The practice of sensational spiritual giftswith attendant signs and wonders—is like the icing on a cake. While it empowers believers to serve, there are pitfalls to be avoided and abuses that need to be checked. Discernment is needed so that believers do not mistake the counterfeit works of darkness from the work of the Holy Spirit.

More importantly, believers need to focus on the fruit of the Holy Spirit—especially loveobedience and intimacy with God, all of which can be seen as the cake itself.

Let us delve into these three areas in turn:

LOVE: After a long discourse on spiritual gifts, Paul ends by saying, “But earnestly desire the higher gifts. And I will show you a still more excellent way” (1 Corinthians 12:31). The more excellent way is the way of love, which Paul outlines in the whole of the following chapter.

OBEDIENCE: Jesus warns that those who perform mighty signs and wonders but do not do His will find to their utter dismay on judgment day that they are shut out from heaven (Matthew 7:21-23). Have you ever wondered why this warning is specifically directed at those who move in signs and wondersnot those who are less sensational and dramatic, like teachers?

I think the answer is simple. Those who operate in signs and wonders may presume that God is always on their side since they can do supernatural feats. Imagine the praise and adulation they get for their awe-inspiring acts, which may lead to pride. Deception by evil spirits may also contribute to their downfall—because evil spirits can produce counterfeit signs, which they and the crowd seek after.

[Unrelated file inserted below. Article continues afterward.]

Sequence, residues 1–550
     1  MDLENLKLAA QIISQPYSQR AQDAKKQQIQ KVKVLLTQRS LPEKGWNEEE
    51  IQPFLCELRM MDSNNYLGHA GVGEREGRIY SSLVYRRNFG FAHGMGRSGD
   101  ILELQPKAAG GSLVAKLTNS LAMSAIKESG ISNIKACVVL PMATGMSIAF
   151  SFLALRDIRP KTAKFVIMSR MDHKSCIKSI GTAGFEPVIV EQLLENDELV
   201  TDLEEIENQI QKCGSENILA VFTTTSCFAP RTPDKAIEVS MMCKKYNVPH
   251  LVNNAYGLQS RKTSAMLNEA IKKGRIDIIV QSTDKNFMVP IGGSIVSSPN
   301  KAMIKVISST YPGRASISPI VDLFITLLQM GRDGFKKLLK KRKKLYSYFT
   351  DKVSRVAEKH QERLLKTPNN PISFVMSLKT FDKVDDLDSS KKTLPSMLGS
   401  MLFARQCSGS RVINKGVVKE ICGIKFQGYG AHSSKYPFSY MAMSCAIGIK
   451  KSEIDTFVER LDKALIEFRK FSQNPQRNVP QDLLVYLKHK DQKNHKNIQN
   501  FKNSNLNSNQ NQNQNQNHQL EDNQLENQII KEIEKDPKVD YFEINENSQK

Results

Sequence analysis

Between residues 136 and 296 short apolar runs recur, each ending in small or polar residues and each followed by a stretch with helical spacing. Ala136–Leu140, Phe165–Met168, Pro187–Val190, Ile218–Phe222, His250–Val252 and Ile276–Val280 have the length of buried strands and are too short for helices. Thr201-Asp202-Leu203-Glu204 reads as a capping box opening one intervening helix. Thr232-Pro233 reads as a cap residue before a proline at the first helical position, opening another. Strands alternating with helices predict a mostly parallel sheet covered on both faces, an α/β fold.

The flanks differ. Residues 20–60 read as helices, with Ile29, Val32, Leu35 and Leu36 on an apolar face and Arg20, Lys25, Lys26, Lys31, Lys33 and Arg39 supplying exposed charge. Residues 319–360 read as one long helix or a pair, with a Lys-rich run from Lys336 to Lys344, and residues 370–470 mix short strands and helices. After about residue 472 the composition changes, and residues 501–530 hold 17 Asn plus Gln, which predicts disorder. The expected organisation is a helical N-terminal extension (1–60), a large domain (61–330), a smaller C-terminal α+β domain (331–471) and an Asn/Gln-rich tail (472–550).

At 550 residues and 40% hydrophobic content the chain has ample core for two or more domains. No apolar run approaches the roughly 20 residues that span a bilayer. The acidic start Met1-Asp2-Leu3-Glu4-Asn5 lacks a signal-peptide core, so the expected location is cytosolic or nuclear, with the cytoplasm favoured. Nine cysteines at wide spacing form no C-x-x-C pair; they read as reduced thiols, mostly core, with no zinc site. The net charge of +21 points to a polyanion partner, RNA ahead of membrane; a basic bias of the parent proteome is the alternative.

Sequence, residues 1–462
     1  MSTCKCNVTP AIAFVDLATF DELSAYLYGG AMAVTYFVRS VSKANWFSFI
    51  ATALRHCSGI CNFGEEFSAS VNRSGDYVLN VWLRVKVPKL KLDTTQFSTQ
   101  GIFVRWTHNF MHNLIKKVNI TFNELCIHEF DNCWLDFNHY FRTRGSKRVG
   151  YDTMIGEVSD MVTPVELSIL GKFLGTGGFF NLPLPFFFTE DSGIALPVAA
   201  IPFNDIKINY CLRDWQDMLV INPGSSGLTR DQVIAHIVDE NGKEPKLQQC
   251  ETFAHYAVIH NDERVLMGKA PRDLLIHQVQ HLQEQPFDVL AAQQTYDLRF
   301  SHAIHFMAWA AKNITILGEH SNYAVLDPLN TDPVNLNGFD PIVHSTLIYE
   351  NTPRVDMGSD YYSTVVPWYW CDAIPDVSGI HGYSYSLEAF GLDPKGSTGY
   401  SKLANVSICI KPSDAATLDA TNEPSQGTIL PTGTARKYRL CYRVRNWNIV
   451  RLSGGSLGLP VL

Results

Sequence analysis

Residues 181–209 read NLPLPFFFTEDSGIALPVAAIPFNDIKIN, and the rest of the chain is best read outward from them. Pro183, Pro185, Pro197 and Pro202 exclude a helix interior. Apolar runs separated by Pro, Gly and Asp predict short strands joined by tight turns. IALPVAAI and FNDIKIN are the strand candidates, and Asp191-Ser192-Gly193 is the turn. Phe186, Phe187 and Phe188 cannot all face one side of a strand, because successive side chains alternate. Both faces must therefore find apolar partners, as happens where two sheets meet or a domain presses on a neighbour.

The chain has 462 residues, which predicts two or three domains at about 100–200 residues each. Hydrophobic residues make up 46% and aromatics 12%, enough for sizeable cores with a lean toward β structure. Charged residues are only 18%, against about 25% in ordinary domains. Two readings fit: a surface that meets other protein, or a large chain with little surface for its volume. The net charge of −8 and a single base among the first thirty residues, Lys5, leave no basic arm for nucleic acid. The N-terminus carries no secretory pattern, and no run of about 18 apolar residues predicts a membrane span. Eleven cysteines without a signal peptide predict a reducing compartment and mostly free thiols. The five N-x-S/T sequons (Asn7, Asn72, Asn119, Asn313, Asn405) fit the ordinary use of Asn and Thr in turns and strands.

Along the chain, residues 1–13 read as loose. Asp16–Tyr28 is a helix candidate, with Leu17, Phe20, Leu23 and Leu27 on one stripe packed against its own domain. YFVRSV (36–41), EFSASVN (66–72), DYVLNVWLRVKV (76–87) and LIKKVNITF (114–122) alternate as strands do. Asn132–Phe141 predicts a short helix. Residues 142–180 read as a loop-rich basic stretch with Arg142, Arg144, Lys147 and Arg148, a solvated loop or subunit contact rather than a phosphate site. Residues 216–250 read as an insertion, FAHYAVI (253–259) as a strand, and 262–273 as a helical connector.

INTIMACY: Jesus warns that if we do not abide in Him, we will be cast off and be burnt like discarded branches. We can only bear good fruit if we abide in Christ (John 15:5-6).

  The purpose of this post is to establish four important truths:
  • Signs and wonders have a rightful place in the life of believers. However, having our names written in the book of life is much more important.
  • When we place holiness (correct living) and doctrine (correct beliefs) foremost in our life (1 Timothy 4:16), it does not necessarily mean we have to close our mind to the miraculous works of the Holy Spirit (John 14:12).
  • The danger, however, arises when we exalt supernatural signs and wonders above holiness (correct living) and doctrine (correct beliefs).
  • Being open to the working of miracles is different from pursuing supernatural phenomena. We should seek God, not run after miraculous signs or insist that God reveals Himself to us in signs and wonders. If God is gracious enough to grant us such signs, then it would be an added bonus.